CAN YOU TALK ABOUT THE LOGISTICS OF THE DOUBLE-DUTY BETWEEN CUP AND NATIONWIDE THE NEXT FEW WEEKS AND WHAT YOU GIVE UP WITH A GUY LIKE CARL IN THOSE SITUATIONS?  “Well, first of all I won’t give up a whole day at a Cup track. At Sonoma, Carl will make that and Paul Menard will use his father’s Citation 10, which is the fastest means of civilian transportation that is possible, and they will make that trip together. I will hunker down in Sears Point and help the guys as much as I can.  Weekends like we had last weekend where the drivers can physically participate in the major part of both programs are best.  If I am close enough and I can get back and forth fast enough I am anxious to travel and be in both places as I did on Saturday night. I was ready to go on Friday, if I could have talked the drivers into it. They just felt they needed to stay in Pocono and not lose another full night’s sleep. They made a good decision. We would have made the trip if it suited their purpose, but the end result was a good one.”

WHAT DO YOU GIVE UP BY CARL NOT BEING THERE ON SOME OF THE DAYS THOUGH?  “He will do what he can. He won’t miss all of practice, just some of it going between Sonoma and Elkhart Lake. He will give up Happy Hour but will get the morning practice at Sonoma.  Road racing is different than the normal races we have on the schedule. We have been to practice in Atlanta and Virginia in preparation for Sears Point, and I think we will be in better shape preparation wise because nobody has had a chance to practice there. The result may be that the amount of qualifying practice that’s done Friday will be less for Carl than his focus on race setup. It may impact his qualifying time a little bit, but I don’t think it will be a serious handicap to overcome. I am real excited about the road course race. I think our Ford Fusions will be very competitive. They tested well at Road Atlanta and I can’t wait to get to Sears Point. I think Carl will make a great effort to win the race, in spite of his double duty.”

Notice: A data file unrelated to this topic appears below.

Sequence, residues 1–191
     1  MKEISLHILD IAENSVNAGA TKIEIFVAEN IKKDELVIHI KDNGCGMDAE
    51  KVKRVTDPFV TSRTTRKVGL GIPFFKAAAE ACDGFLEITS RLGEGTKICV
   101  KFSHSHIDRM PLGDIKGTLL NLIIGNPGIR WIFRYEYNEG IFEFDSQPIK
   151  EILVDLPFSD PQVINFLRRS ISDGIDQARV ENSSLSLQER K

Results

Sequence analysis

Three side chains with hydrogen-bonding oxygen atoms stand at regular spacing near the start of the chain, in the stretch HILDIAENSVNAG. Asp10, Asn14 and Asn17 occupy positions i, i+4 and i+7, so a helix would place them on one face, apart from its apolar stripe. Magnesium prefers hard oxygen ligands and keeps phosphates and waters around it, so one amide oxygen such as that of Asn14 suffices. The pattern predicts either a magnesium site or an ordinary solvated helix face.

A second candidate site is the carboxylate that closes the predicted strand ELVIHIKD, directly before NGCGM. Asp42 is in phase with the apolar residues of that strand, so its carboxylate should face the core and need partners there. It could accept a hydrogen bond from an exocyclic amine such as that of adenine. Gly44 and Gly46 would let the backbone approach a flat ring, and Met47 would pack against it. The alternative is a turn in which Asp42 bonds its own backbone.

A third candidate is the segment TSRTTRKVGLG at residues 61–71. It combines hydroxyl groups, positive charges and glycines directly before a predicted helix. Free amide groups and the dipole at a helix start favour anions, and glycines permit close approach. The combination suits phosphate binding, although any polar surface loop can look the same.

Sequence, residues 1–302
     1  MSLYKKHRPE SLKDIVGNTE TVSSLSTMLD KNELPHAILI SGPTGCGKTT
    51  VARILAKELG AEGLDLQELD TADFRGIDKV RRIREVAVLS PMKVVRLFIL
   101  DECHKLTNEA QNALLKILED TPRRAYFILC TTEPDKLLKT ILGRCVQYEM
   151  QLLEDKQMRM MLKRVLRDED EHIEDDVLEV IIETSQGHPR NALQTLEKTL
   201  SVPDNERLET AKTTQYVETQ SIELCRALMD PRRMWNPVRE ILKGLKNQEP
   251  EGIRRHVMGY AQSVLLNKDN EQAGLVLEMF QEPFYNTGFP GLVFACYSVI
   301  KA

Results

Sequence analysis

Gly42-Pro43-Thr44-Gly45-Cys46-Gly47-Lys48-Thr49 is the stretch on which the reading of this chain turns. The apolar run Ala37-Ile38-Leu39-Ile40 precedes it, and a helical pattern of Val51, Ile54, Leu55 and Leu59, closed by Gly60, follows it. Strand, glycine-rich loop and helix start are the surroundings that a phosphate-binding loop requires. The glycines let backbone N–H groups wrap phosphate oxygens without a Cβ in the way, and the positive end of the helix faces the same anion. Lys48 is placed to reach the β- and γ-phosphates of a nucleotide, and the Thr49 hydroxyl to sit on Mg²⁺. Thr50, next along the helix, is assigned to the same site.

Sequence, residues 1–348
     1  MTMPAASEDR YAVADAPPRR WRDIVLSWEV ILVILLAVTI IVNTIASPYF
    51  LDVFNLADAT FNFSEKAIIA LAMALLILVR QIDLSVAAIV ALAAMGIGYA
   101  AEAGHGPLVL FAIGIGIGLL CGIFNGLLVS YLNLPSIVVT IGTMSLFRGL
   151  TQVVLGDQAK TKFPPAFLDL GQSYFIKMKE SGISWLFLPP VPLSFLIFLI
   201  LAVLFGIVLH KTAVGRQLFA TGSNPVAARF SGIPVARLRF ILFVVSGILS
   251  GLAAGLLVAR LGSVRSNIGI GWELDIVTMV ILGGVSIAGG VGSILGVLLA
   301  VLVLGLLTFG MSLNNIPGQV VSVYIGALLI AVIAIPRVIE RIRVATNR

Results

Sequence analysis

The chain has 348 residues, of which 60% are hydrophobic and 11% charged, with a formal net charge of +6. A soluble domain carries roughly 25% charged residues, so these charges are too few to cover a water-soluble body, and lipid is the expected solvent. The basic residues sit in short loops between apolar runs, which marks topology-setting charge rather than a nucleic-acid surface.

COULD YOU SPEAK TO THE NATIONWIDE PROGRAMS WITH THE PROGRAM CHANGES YOU HAVE MADE AND TALK ABOUT WHERE THEY ARE AND WHERE THEY ARE GOING TO BE?  “We have two things going on, maybe three in the Nationwide program. First, we have Carl running for a championship. He has had a consistent criticism of the car throughout the year, that the car doesn’t turn well enough in the middle and are too loose off. All four cars did not have that problem, to the degree that they’ve had it, at Nashville. We have made a change that we think will fix that. We think Carl will stay on track for a championship. I am very happy with his crew chief Drew Blickensdorfer and I am happy where that is going forward. Paul Menard is racing in the Nationwide series as a full-time guy. He and his father felt that the experience he would get and the opportunity he would have, particularly when the series are both on the same track, that he would have more time on the tire to get experience with that and to practice the line. It would be nice for him to win a championship, but his effort is to primarily get experience in the car and capitalize on that in the Sprint Cup program.  Colin Braun and Ricky Stenhouse are both youngsters that don’t have a lot of experience. They have great potential and we are real excited about their future. You never know with a young person what they are going to need to experience before they have the maturity to go on and do what they might. Colin and Ricky have both had more wrecks and problems this year that were self-induced that were associated with their lack of experience. We have had them in the cars, out of the cars and tried different crew chiefs as we tried to figure out what we could do to accelerate the maturing process. It was unfortunate that Ricky spun out trying to qualify at Nashville because speed-wise he was probably better than he has been all year.  He didn’t qualify because he was outside the top-30 in points, but the reason he was there is because he has had so many wrecks.  We have had a lot of things that we have tried to do to encourage the guys to mature at the absolute fastest rate so we can finish the races and let the crews have a chance to work on the cars and the crew chiefs develop strategies to compete effectively with the cars.  We are going to see a totally different result in the second half of the year than we have in the first half, I guarantee that. Stay tuned, it is going to get better.”